Free Essay

Journal

In: Business and Management

Submitted By nanta
Words 11712
Pages 47
The current issue and full text archive of this journal is available at www.emeraldinsight.com/1743-9132.htm

IJMF 6,1

24

A comparative analysis of the performance of conventional and Islamic unit trust companies in Malaysia
Norma Md. Saad, M. Shabri Abd. Majid, Salina Kassim, Zarinah Hamid and Rosylin Mohd. Yusof
Department of Economics, Kulliyyah of Economics and Management Sciences, International Islamic University Malaysia, Kuala Lumpur, Malaysia
Abstract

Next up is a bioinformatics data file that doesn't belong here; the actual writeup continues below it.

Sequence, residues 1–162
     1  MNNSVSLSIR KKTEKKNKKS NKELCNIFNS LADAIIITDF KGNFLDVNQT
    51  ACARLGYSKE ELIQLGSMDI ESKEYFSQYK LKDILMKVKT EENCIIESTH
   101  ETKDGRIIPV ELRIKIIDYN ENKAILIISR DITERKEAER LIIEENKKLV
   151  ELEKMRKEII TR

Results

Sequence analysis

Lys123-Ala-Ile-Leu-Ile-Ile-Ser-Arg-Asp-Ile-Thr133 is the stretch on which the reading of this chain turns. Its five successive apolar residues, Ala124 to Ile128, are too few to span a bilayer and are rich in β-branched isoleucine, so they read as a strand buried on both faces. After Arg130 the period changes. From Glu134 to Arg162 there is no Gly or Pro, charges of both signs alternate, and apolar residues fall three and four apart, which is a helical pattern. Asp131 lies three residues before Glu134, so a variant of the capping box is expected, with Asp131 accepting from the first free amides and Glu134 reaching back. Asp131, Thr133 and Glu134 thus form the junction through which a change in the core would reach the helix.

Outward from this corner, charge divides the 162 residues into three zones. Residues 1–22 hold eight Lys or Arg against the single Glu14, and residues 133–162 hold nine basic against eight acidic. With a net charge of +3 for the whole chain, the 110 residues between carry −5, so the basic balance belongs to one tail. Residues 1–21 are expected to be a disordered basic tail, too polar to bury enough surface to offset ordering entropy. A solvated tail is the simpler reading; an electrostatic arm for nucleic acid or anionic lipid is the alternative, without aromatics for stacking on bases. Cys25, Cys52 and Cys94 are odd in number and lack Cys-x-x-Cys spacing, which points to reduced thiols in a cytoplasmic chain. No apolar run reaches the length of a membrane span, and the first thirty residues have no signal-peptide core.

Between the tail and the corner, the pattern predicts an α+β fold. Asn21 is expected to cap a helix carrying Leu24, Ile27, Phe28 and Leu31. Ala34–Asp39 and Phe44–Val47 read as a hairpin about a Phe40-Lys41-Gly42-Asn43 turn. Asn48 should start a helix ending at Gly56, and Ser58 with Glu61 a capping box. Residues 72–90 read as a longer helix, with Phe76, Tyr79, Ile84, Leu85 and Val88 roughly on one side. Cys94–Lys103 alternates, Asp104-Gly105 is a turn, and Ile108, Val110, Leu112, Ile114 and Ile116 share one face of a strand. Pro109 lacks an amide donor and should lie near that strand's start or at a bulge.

Purpose – The purpose of this paper is to investigate the efficiency of selected conventional and Islamic unit trust companies in Malaysia during the period 2002 to 2005. Design/methodology/approach – The paper adopts Data Envelopment Analysis (DEA) to investigate efficiency, as measured by the Malmquist index, which is decomposed into two components: efficiency change and technical change indexes. Findings – The study indicates that technical efficiency is the main contributor to enhancing the efficiency of the Malaysian unit trust industry. In addition, the larger the size of the unit trust companies, the more inefficient the performance. In comparing the efficiency of unit trust companies, the study finds that some of the Islamic unit trust companies perform better than their conventional counterparts. Research limitations/implications – The study is limited to five Islamic unit trust companies. Thus, the findings of this study are indicative, but inconclusive for the unit trust industry as a whole. Practical implications – The results have two important implications for both conventional and Islamic unit trust companies in Malaysia. First, the deterioration of total factor productivity (TFP) in the unit trust industry in Malaysia is due to the deficiency of innovation in technical components. Second, the size of the unit trust companies has an adverse effect on the TFP performance. Originality/value – The contribution of this study is that it analyzes the efficiency of the two types of unit trust industry which are important and relevant for Malaysia. This significance arises from the dual financial system, in which the Islamic unit trust companies operate in parallel with their conventional counterparts. The comparison sheds some light on the performance of the Islamic unit trust companies, whose operations are based on profit-sharing, in contrast to the conventional unit trust companies. Keywords Unit trusts, Capital markets, Indexing, Islam, Economic performance, Malaysia Paper type Research paper